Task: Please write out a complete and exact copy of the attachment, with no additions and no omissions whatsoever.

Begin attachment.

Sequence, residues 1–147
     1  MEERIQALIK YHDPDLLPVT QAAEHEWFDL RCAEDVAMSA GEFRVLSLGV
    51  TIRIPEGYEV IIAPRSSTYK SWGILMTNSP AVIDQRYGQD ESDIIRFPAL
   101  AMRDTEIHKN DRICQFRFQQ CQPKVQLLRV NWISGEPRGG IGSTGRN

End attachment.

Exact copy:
Sequence, residues 1–147
     1  MEERIQALIK YHDPDLLPVT QAAEHEWFDL RCAEDVAMSA GEFRVLSLGV
    51  TIRIPEGYEV IIAPRSSTYK SWGILMTNSP AVIDQRYGQD ESDIIRFPAL
   101  AMRDTEIHKN DRICQFRFQQ CQPKVQLLRV NWISGEPRGG IGSTGRN